Health Concerns

  • When ingested, most passes from body. The rest goes to the thyroid.
  • In humans, ½ of remaining iodine leaves the body every 100 days.
  • Long-term chronic doses can cause thyroid cancer.

Exposure Levels

  • Exposure to iodine-129, as to all radionuclide's, results in increased risk of cancer. EPA has established a maximum contaminant level of 4 millirem per year for beta particle and photon radioactivity from man-made radionuclide's in drinking water. Iodine-129 would be covered under this MCL. The average concentration of iodine-129 which is assumed to yield 4 mrem/year is 3 picocuries per liter. If other radionuclide's which emit beta particles and photon radioactivity are present, the sum of the annual dose from all the radionuclide's must not exceed 4 mrem/year.

Toxic Chemicals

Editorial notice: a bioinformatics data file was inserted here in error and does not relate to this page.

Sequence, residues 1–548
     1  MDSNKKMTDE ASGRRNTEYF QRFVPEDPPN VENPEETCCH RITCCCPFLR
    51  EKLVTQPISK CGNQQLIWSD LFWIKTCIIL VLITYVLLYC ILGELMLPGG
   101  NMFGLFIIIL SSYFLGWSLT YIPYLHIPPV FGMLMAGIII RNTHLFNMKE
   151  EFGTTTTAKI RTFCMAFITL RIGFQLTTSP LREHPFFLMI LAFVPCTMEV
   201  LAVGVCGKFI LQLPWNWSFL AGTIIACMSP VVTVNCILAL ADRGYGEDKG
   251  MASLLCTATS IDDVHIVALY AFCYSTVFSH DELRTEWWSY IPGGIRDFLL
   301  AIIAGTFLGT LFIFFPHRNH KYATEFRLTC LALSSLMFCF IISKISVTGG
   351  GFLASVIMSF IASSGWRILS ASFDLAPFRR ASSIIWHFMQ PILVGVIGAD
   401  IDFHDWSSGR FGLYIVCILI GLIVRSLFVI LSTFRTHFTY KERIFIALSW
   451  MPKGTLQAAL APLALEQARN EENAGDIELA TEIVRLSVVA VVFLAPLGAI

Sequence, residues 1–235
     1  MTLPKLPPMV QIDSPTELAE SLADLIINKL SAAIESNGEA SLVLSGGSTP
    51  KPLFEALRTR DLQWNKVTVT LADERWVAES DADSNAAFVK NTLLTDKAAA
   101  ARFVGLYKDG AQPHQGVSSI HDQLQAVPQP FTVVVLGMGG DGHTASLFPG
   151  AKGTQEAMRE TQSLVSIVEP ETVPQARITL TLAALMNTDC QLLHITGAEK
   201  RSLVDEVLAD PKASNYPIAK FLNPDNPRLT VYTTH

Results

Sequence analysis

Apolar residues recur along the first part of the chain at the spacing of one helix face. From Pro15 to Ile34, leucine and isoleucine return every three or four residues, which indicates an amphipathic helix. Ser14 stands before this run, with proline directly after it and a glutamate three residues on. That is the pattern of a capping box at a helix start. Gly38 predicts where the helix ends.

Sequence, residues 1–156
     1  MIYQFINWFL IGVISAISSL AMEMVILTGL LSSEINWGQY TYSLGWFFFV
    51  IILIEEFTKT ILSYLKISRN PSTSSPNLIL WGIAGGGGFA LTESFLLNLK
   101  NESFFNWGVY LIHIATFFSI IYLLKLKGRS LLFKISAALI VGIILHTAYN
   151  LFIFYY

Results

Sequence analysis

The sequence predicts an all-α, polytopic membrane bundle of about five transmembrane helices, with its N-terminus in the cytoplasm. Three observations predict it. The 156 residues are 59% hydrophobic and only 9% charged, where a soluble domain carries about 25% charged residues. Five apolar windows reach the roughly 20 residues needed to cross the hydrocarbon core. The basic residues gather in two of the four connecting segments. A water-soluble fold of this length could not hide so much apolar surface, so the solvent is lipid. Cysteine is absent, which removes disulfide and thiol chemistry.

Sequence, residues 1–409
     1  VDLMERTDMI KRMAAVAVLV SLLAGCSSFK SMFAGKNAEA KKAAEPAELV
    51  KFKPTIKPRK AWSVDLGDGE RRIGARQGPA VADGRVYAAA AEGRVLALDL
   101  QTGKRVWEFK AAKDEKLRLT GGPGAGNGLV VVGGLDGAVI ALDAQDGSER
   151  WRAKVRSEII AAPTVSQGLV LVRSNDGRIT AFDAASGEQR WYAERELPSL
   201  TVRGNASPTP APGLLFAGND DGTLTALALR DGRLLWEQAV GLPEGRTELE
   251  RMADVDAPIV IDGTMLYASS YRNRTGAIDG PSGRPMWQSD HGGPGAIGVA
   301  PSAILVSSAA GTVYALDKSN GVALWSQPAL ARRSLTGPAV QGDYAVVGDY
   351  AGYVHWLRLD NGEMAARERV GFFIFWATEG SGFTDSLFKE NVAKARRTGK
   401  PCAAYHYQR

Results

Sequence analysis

Carbon tetrachloride

Description

  • moves readily through soil
  • Colorless, clear, heavy liquid; sweet aromatic odor similar to chloroform
  • Carbon tetrachloride has a low potential to bioaccumulate.
  • Evaporates quickly
  • Breaks down very slowly
  • When it breaks down it forms compounds, such as chloroform, that destroy ozone in upper atmosphere
  • Was used for aerosol propellant, dry cleaning agents, rubber cement, refrigerator coolants, cleaning and degreasing fluids, and in fire extinguishers. These uses now banned due to health risk.
  • Not naturally in environment

Health Concerns

  • Probably carcinogenic
  • Long-term exposure can cause damage to liver, kidney and central nervous system. Acute exposure can cause liver kidney and lung damage when people are exposed to it in drinking water at levels above the EPA drinking water standard for relatively short periods of time.

Exposure Levels

  • EPA maximum level for drinking water 5 parts per billion

Chromium VI

Description